On CNN's The Situation Room, Wolf Blitzer noted that Harry Reid took "a new jab at President Bush on Iraq, despite [Bush's] talk of bipartisanship," while Suzanne Malveaux uncritically reported that Bush "vow[ed] several times not only to work with Republicans, but Democrats as well" and John King asserted that the Democratic reaction to Bush' press conference was "surprising." These statements ignored reports -- including those by King and Jeff Greenfield on the same edition of The Situation Room -- that undermine the credibility of Bush's pledge of bipartisanship.
In several reports from Baghdad, CNN's Michael Ware has stated that Iraq is embroiled in a civil war. However, several other CNN reporters and analysts have continued to avoid the unqualified use of the term "civil war."
CNN's John King echoed what CNN anchor Don Lemon noted was an accusation "critics" used to "dismiss" a speech by Sen. Barack Obama as "obviously" given purely to establish Obama's "foreign-relations credentials," adding a baseless claim that no senators "would disagree" with anything Obama said in the speech. King also failed to note evidence supporting Florida Democratic congressional candidate Christine Jennings' assertion that voting machines in her district did not operate properly.
In reporting that Sen. Mel Martinez had accepted an offer to become chairman of the Republican National Committee, CNN's John King failed to mention Martinez's admission in April 2005 that his office had authored a memo touting the Terri Schiavo case as "a great political issue" for Republicans because "the pro-life base will be excited" and it "is a tough issue for Democrats." King also ignored the controversies surrounding Martinez's 2004 Senate campaign.
Reporting on President Bush's announcement of Donald Rumsfeld's resignation, media outlets, with few exceptions, have avoided characterizing Bush's assertion the previous week that he wanted Rumsfeld to stay on as a "lie" or intentional misrepresentation -- this, despite Bush's own admission of a deliberate deception. Some outlets even failed to acknowledge Bush's previous statement that Rumsfeld would stay on as defense secretary until the end of his presidency.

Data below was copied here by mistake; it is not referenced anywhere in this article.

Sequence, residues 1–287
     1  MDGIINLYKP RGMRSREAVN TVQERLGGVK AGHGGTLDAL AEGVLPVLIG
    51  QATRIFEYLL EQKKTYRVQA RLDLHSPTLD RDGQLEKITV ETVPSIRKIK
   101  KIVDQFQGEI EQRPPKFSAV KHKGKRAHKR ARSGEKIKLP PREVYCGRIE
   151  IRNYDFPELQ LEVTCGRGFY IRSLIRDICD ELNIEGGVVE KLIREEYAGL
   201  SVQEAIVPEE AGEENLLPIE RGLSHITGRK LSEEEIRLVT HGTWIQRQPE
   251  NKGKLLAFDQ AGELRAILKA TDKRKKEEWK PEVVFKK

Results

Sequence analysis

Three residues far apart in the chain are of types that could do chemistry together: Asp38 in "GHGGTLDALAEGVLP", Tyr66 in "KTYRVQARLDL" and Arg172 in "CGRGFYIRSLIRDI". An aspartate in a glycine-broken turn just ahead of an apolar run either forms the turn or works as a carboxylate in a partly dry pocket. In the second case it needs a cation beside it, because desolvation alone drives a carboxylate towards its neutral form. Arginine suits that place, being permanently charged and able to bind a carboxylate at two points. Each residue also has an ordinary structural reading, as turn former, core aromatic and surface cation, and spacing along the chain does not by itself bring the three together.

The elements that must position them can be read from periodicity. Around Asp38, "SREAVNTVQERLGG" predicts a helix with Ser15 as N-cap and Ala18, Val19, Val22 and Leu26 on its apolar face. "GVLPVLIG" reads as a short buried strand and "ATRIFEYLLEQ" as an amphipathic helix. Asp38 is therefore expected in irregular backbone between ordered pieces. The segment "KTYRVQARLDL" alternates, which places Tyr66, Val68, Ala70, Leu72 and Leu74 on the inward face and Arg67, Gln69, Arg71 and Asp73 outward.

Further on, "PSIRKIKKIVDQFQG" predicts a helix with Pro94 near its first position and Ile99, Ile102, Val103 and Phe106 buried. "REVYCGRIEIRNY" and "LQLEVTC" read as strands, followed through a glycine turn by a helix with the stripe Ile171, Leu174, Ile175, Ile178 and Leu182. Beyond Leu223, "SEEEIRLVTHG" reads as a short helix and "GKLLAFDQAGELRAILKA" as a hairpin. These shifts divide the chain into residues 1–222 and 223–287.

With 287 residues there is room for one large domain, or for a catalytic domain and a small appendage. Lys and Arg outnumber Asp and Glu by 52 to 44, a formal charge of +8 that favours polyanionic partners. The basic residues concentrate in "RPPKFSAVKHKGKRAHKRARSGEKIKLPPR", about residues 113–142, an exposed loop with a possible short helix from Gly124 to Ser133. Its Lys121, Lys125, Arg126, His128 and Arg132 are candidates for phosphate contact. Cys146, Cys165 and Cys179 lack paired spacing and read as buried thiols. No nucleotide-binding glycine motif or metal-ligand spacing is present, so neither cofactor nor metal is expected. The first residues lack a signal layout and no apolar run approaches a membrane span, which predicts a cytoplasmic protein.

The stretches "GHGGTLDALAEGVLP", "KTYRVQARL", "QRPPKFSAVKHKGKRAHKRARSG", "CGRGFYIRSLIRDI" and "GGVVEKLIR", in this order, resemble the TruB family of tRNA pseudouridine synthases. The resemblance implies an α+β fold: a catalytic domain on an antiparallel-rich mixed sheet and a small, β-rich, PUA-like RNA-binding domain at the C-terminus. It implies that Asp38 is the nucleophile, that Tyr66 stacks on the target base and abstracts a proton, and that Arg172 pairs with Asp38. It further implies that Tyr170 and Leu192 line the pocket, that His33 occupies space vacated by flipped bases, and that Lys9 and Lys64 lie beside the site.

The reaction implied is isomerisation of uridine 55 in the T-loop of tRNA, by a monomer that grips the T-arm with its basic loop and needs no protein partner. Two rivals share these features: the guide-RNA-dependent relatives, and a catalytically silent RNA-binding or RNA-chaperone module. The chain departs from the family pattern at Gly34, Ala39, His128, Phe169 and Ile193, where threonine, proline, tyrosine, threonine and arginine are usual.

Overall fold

For the second time in two days, CNN anchor John King equated "pro-family voters" with "conservatives" during interviews on The Situation Room.
In commenting on the scandal involving former Rep. Mark Foley, several conservative media figures and outlets have taken special notice of Foley's reported homosexuality and even linked Foley's sexual orientation to pedophilia.
Several members of the media have complied with the Bush administration's efforts to rebrand the "global war on terror" by adopting the administration's newest catchphrase: Islamic fascism.
On The Situation Room, John King failed to challenge Rep. Christopher Shays's claim that "since January," the Iraqi government "has done nothing." King did not mention the fact that Shays has, since January, touted "progress" in Iraq.
CNN's Daryn Kagan and John King repeated two falsehoods frequently advanced by conservatives to attack former ambassador Joseph C. Wilson IV and his wife, former CIA operative Valerie Plame: that Wilson "did say in one television interview, and ... intimated in some others, that the vice president had sent him to Niger" to investigate reports that Iraq had sought to purchase yellowcake uranium from that country, and that the Senate Intelligence Committee found that Plame "sent" Wilson on the trip to Niger.
After the release of a picture depicting White House counselor Dan Bartlett and press secretary Tony Snow wearing helmets and flak jackets while riding in a helicopter in Iraq, CNN chief national correspondent John King reported that President Bush also wore protective gear during the helicopter ride, but that members of the media "did not get to photograph" Bush because official personnel "didn't want us to get any pictures" of him entering or exiting the aircraft. In contrast, on Fox and Friends, co-hosts Steve Doocy and E.D. Hill claimed Bush wore no protective gear, but cited no evidence supporting their claim.
While discussing immigration on CNN's Larry King Live, a group of the cable channel's political reporters and contributors, which host Larry King called "the best political team on television," touted President Bush's support for the bipartisan Senate bill that would provide a path to citizenship for illegal immigrants and suggested falsely that his position on immigration has been consistent. In fact, before Bush came out in support of the Senate bill, he had praised a competing House bill and, according to the House bill's author, Rep. James Sensenbrenner, pushed for the inclusion of some of its most controversial provisions, including one making it a felony to be in the United States illegally and another making it a felony to provide assistance to illegal immigrants.
Following President Bush's State of the Union address, various media figures described his defense of domestic eavesdropping as "strong," "vigorous," and "fierce." But they failed to note the numerous inaccuracies Bush employed in justifying the surveillance program, whose legality has been challenged not just by Democrats, but by Republicans and some prominent conservative legal scholars as well.